New capital requirements for banks
In the course of the financial crisis, credit institutions had to be shored up using huge sums of taxpayers' money. Systemically important institutions, in particular, whose failure would have had an adverse impact on financial stability and on the real economy owing to their size and interconnectedness, were propped up by governments to prevent them from failing. According to the Bundesbank's latest Monthly Report, however, government bail-outs not only come at a substantial fiscal expense, but also give bank managers misguided incentives.
Back in 2008, the G20 leaders agreed on global reforms in an effort to strengthen the resilience of financial institutions and reduce the risks to financial stability. The measures adopted under the Basel III regime include tightening the requirements for the amount of capital to be held by financial institutions and the introduction of quantitative liquidity standards and a non-risk-based leverage ratio.
A resolution procedure for systemically important institutions was also developed as a further key instrument, which, unlike normal insolvency proceedings, aims to ensure the continuity of a bank's critical functions and thus preserve financial stability. One of the core elements of this resolution regime is a new bail-in tool. It is based on the idea that investors should not only reap a bank's profits but also be exposed to any losses it makes. Once the shareholders have been bailed in, holders of debt instruments will also be exposed to a bank's losses. In order to ensure that sufficient loss-absorbing capacity is available in the event that an institution has to be resolved, minimum requirements were developed for loss-absorbing liabilities.
Global TLAC standard for systemically important institutions
At the global level, the G20 leaders agreed to implement the total loss-absorbing capacity (TLAC) standard, which lays down a minimum amount of loss-absorbing capital. In addition to regulatory capital, this can also include certain liabilities. The new standard will apply to global systemically important banks – that is, to a total of around 30 institutions worldwide.
The TLAC capital requirements are designed to ensure that a possible successor institution, which will take over the critical functions of the bank, is sufficiently capitalised to be able to meet the requirements to hold a banking licence and to restore market confidence. This would be one way of protecting customer funds and preventing a negative impact on financial stability, the Monthly Report states. The minimum TLAC requirement is to be introduced in two stages and will have to be fully met from 2022 onwards.
MREL requirements for European institutions
While the TLAC standard was developed at the G20 level, the EU has already introduced a similar concept, the minimum requirement for own funds and eligible liabilities, or MREL for short. This standard is intended to ensure that financial institutions established in the EU hold sufficient bail-inable capital for the event of a possible resolution. Even though both concepts pursue the same objectives, TLAC and MREL differ in a number of key elements. This is due, in particular, to the fact that MREL targets a much larger group of institutions, generally disregarding their size and systemic importance, whereas TLAC was designed for global systemically important institutions.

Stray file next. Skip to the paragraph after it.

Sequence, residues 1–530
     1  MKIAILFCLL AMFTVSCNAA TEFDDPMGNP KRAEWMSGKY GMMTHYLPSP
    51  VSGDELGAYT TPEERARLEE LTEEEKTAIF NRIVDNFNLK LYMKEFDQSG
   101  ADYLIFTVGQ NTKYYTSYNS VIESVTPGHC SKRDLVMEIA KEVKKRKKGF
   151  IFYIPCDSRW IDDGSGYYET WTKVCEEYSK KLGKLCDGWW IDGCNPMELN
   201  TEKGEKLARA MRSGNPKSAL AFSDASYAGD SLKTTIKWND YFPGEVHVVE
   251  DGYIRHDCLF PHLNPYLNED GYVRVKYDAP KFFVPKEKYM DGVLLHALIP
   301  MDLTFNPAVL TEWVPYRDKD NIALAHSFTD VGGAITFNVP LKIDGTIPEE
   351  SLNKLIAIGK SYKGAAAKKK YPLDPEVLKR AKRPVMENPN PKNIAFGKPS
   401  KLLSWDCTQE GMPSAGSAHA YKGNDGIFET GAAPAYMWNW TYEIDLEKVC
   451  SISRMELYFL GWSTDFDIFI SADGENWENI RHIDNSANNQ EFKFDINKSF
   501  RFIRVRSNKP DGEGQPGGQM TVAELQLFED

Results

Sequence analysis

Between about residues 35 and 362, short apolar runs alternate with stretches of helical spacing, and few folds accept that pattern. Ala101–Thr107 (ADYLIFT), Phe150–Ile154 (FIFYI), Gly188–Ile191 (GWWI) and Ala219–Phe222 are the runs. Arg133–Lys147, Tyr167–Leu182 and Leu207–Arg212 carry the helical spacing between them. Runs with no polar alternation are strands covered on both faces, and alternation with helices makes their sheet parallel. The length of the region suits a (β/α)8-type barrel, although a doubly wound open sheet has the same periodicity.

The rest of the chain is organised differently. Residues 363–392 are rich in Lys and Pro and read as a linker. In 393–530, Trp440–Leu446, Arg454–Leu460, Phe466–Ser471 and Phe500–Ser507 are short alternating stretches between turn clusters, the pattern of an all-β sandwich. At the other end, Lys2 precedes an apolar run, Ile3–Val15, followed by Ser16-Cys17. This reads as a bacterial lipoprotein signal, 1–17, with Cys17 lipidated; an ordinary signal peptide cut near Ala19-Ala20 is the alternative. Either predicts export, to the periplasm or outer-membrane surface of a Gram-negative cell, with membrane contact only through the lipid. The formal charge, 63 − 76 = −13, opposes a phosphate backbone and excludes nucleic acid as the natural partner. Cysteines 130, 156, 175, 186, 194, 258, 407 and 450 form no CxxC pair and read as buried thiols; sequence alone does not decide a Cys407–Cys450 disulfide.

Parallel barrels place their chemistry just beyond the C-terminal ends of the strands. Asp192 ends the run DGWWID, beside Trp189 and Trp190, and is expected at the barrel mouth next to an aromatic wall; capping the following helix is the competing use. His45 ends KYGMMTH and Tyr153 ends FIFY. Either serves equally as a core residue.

MREL is determined on an individual basis for each institution by the competent resolution authority and is thus designed to take account of the heterogeneity of the European banking sector. Unlike in the case of TLAC, no minimum amount of loss-absorbing capital has been legally defined for the MREL. Instead, a set of qualitative criteria has been stipulated, which, despite the individual setting of the MREL, should ensure comparability across the EU member states. With regard to the large number of small institutions, many of which are located in Germany, in particular, it can be assumed that they do not perform any critical functions from the viewpoint of the financial market. This means that these institutions could be wound up under normal insolvency proceedings and will therefore, as a general rule, not be required to comply with an MREL which exceeds the hitherto existing capital requirements.
Outstanding MREL-related issues
The Bundesbank points out that, in contrast to the TLAC, standard double usage of Tier 1 capital to fulfil the regulatory capital buffer and the MREL cannot be ruled out under the current design of the MREL regulations. Whereas the MREL has to be fulfilled at all times, it should be possible to intentionally reduce capital buffers during periods of stress in order to cushion any losses. If Tier 1 capital were to be used for both purposes, this would nullify the function of the capital buffers. Furthermore, in keeping with the TLAC standard, the European regulations need to define the repercussions of falling short of the requirements, the Bundesbank writes in its Monthly Report. These and other outstanding issues with regard to the application of the new MREL, especially a subordination requirement for MREL-eligible liabilities, should be clarified quickly and constructively to create clarity for banks and investors.
Moreover, Bundesbank economists warn against any political initiatives which aim to soften the new regulations. This would send out the wrong signal and jeopardise the credibility of the resolution regime, the economists write. A functioning resolution mechanism is an important step towards severing the close ties between banks and sovereigns. It needs to be rigorously implemented and accompanied by further measures, such as limiting bank lending to sovereigns.